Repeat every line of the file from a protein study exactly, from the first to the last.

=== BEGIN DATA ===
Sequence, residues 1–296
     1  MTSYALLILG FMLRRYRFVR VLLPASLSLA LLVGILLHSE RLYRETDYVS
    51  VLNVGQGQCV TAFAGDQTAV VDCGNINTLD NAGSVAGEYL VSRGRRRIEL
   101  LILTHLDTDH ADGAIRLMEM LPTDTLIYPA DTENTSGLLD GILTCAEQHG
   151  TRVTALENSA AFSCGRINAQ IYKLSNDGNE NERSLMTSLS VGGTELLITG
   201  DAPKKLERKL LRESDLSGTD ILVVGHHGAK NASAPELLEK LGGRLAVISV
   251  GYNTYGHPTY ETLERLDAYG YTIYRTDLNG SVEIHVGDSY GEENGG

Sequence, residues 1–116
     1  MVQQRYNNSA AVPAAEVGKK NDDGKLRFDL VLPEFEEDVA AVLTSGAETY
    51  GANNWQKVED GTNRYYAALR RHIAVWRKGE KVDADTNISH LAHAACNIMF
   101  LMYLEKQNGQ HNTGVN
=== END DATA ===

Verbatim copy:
Sequence, residues 1–296
     1  MTSYALLILG FMLRRYRFVR VLLPASLSLA LLVGILLHSE RLYRETDYVS
    51  VLNVGQGQCV TAFAGDQTAV VDCGNINTLD NAGSVAGEYL VSRGRRRIEL
   101  LILTHLDTDH ADGAIRLMEM LPTDTLIYPA DTENTSGLLD GILTCAEQHG
   151  TRVTALENSA AFSCGRINAQ IYKLSNDGNE NERSLMTSLS VGGTELLITG
   201  DAPKKLERKL LRESDLSGTD ILVVGHHGAK NASAPELLEK LGGRLAVISV
   251  GYNTYGHPTY ETLERLDAYG YTIYRTDLNG SVEIHVGDSY GEENGG

Sequence, residues 1–116
     1  MVQQRYNNSA AVPAAEVGKK NDDGKLRFDL VLPEFEEDVA AVLTSGAETY
    51  GANNWQKVED GTNRYYAALR RHIAVWRKGE KVDADTNISH LAHAACNIMF
   101  LMYLEKQNGQ HNTGVN